We continue the story of Jesus to see how his birth, life, death and resurrection is instructive for church family relationships. We celebrate Jesus coming in the flesh at Christmas. We must also consider Good Friday, as Paul reminds us in Philippians 2 that God, who was willing to take on human flesh, also took on human death. It is astonishing that God would be born as a human, when you consider that he didn’t have to. God not only became human, but he also submitted himself to the experience of death. In Jesus’ death, he shows us mind-boggling love. That is our example for loving one another in the church family. We die to ourselves, we follow Jesus, we give sacrificially of ourselves to one another.
Also reflect on the fact that Jesus died for all. Every single person in the church family has dignity and worth and value, because every single person is equally loved by God, equally made in the image of God, equally worth our time, our effort, our money, our sacrifice. Thus it makes sense that Paul connects loving self-sacrifice with unity in the church.
Let’s be clear that unity is not uniformity. Uniformity is when there is sameness. Same beliefs, same thoughts, same actions. Uniformity cannot handle dissent, difference, and disagreement. But unity can.
Unity in the church embraces, listens to and learns from different ideas and perspectives, but all toward the mission of Jesus. Unity is humble and teachable, eager to learn, quick to say, “I don’t have this all figured out, but I love Jesus, you love Jesus, and we can learn from each other.”
Therefore, in unity, we can disagree in a loving way. We can have differences of opinion in a gracious way. And we should. The variety of perspectives, the diversity of gender, generation, theology, ethnicity, wealth, political ideology, background, and experience is a beautiful thing. We welcome diversity. We strive for more diversity. We seek a diversity that is grounded in unity that selflessly loves one another. That means we lovingly sacrifice our power, our position, our control to move in a Jesus direction, because he taught and embodied that kind of self-giving love. As you can imagine, that attitude and action doesn’t always come naturally, and thus we need the Fruit of the Spirit actively growing in our lives.
Paul in his letter of 1st Corinthians writes quite extensively about how the church can practice unity in diversity through the image of a body. In 1st Corinthians 12:1-11, Paul says the Spirit of God plays a central role to the unity of the church. The Spirit empowers and enlivens us, blessing us with a variety of gifts to be used in unity for the common good. The Spirit is essential to the life of the church.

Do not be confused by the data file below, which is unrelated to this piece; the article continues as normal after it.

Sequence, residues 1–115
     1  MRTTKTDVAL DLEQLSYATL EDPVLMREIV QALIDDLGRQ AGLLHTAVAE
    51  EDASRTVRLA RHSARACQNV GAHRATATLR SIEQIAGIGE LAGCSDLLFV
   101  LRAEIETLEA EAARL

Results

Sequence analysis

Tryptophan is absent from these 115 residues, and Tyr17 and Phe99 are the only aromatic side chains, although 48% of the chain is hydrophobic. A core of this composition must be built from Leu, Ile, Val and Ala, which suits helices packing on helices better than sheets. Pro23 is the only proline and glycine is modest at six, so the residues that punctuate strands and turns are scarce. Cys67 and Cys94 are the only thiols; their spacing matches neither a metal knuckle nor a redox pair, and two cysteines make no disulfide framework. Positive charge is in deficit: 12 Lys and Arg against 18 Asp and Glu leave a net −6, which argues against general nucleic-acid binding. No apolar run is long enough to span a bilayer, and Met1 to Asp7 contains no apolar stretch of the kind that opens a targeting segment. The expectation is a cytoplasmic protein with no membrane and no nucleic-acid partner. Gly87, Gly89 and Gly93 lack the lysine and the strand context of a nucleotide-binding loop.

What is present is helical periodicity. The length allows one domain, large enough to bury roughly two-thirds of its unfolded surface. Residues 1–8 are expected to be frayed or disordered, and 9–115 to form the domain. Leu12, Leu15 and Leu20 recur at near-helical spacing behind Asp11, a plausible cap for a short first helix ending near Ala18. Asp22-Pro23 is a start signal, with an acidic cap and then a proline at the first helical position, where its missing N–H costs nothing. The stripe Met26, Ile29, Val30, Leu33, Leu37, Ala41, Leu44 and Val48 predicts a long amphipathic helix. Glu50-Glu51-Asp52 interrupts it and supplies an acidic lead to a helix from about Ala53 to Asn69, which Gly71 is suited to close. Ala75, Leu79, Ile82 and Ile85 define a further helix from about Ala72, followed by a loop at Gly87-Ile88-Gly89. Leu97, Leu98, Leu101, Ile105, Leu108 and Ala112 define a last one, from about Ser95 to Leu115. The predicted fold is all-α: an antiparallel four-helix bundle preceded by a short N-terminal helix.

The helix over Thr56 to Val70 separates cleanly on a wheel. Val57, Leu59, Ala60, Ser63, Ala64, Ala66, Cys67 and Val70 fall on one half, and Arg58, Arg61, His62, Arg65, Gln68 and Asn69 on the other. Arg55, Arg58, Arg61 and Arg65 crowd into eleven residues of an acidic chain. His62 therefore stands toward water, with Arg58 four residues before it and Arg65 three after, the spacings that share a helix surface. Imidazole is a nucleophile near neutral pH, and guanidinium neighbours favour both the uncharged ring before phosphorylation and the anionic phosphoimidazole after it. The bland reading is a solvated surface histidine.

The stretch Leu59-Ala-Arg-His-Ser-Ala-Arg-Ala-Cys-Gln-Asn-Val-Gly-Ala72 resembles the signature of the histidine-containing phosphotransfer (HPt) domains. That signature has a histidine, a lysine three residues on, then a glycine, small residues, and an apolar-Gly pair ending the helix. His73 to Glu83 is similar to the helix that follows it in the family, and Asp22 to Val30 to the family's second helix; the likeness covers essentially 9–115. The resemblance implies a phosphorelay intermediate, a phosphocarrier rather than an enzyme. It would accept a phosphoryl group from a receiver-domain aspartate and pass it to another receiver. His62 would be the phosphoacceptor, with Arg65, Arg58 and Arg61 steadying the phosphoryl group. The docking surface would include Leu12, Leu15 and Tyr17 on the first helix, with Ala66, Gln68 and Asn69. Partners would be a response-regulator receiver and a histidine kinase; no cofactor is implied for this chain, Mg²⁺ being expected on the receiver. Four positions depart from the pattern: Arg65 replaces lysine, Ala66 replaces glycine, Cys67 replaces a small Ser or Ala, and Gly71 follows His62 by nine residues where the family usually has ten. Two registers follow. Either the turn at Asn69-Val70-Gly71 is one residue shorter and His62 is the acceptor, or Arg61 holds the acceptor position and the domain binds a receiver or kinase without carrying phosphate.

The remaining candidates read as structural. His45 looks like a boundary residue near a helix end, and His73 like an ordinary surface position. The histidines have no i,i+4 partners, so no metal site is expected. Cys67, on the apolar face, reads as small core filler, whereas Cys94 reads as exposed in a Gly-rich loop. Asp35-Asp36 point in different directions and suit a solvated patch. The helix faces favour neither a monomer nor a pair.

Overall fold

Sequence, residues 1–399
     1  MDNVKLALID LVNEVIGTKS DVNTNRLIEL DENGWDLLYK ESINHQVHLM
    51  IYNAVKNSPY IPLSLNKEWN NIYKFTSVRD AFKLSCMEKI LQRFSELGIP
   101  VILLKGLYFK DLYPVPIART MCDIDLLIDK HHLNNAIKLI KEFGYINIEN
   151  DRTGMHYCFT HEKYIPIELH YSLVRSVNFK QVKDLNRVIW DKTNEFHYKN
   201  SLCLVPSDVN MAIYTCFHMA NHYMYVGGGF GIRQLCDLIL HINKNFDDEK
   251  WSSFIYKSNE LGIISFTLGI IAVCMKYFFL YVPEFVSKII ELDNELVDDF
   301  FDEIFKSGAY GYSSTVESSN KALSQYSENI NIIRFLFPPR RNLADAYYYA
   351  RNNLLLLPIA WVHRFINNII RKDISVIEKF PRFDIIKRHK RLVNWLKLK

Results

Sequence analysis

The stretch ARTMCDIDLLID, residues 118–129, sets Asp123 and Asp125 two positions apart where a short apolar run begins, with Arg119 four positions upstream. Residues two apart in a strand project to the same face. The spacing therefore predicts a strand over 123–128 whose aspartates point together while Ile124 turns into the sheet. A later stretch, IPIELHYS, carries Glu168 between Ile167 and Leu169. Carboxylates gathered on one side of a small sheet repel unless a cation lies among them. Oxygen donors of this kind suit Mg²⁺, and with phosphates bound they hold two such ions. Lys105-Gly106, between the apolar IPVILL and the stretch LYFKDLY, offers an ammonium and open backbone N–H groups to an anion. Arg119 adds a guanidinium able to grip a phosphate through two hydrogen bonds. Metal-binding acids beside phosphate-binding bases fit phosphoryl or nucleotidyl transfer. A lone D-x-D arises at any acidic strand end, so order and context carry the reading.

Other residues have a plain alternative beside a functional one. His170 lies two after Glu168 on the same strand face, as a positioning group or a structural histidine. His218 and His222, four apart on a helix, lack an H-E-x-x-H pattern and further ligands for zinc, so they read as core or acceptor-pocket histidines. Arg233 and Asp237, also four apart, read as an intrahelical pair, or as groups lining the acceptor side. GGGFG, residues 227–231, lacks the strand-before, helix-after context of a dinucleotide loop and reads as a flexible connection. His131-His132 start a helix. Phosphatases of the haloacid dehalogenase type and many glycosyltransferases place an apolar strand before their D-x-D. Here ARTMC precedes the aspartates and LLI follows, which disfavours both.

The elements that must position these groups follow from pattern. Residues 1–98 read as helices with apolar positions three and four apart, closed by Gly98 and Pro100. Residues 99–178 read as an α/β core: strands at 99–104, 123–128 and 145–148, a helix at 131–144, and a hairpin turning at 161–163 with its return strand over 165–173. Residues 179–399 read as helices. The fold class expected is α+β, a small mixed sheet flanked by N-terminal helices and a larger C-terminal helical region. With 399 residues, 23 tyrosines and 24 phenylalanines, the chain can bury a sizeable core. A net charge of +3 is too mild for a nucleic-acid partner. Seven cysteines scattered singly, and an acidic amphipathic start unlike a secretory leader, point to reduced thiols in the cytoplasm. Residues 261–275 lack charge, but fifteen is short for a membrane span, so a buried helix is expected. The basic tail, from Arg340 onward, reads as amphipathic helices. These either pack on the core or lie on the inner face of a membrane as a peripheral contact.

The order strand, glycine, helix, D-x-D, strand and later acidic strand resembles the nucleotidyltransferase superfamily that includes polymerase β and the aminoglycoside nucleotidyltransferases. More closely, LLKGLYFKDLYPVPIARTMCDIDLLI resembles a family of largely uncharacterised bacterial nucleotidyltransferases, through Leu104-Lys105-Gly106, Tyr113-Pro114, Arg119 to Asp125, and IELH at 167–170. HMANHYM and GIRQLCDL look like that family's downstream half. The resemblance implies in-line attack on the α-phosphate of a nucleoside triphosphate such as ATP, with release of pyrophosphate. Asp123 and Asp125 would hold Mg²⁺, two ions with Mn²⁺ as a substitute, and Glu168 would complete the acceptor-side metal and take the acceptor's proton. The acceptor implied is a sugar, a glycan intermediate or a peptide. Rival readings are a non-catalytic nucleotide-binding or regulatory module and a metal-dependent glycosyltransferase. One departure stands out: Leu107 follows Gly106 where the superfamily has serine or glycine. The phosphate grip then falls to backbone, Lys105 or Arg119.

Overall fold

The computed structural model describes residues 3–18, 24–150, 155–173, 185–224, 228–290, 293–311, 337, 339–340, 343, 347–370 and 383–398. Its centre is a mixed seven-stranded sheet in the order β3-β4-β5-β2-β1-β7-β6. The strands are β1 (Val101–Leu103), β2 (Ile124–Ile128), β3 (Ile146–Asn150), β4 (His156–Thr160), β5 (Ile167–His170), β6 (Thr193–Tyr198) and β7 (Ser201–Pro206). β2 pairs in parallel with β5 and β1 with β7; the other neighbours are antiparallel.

Think about how that relates to the Fruit of the Spirit. When we walk in step with the Spirit, we grow the Fruit of the Spirit in our lives: Love, Joy, Peace, Patience, Gentleness, Goodness, Kindness, Faithfulness and Self-control. When we grow those qualities and allow those qualities to flow freely from our lives into the lives of the people around us in our church family, we will be guided by the kind of self-giving love that Jesus demonstrated. This is where we remember that Jesus didn’t stay dead. His resurrection reminds us that he rose to new life. Likewise God’s Spirit works resurrection power, new life, in our bodies. As Paul writes in 2 Corinthians 5:17, “If anyone is in Christ, he is a new creation; the old has gone, the new has come.” The presence of growing Fruit of the Spirit in our lives is evidence that God’s Spirit is at work in us. As members of the Body of Christ, we have gifts of the Spirit and Fruit of the Spirit.
Filled with the Spirit, empowered by the Spirit with a variety of gifts that we all use, Paul continues in 1st Corinthians 12:12-31 to describe how the diversity of people in a church family are like a body. Look at verses 12 and 13, “The body is a unit, though it is made up of many parts; and though all its parts are many, they form one body. So it is with Christ. For we were all baptized by one Spirit into one body—whether Jews or Greeks, slave or free—and we were all given the one Spirit to drink.”
Every single person in the church family is equally important, just as every part of the body is important. You each have been gifted by the Spirit to serve an important role in the life and ministry of the church family. You know the 80/20 rule? Or a variation of it. I goes like this: 20% of the people do 80% of the work. I don’t know if it is accurate. But is speaks to a reality that some people serve more in the life of the church, and some serve less. Some people serve a lot, some serve hardly at all. As we read 1 Corinthians 12, though, Paul corrects that thinking. He says, all serve, all give, all pray, all love. The Christian faith is very clearly not an individualistic faith. Instead it is an “all” faith. Everyone involved.
When a church family practices an “everyone involved” approach, though it will require personal sacrifice, that sacrifice leads to something beautiful. I’ve talked a lot about sacrifice so far. Who likes thinking about sacrifice and selflessness? But when a church family practices loving, gracious unity, the self-sacrifice leads to the beautiful experience of the healthy body of Christ.
I am not making an argument that the only kind of ministry that counts, or that matters, is church-based. You can absolutely serve the Kingdom of God, as the body of Christ, outside the four walls of the church. In fact, I encourage you to do so. What I hope you receive from this post is that there is clearly something important and life-giving about a church family working together to pursue the mission of God, whether in a building or outside it.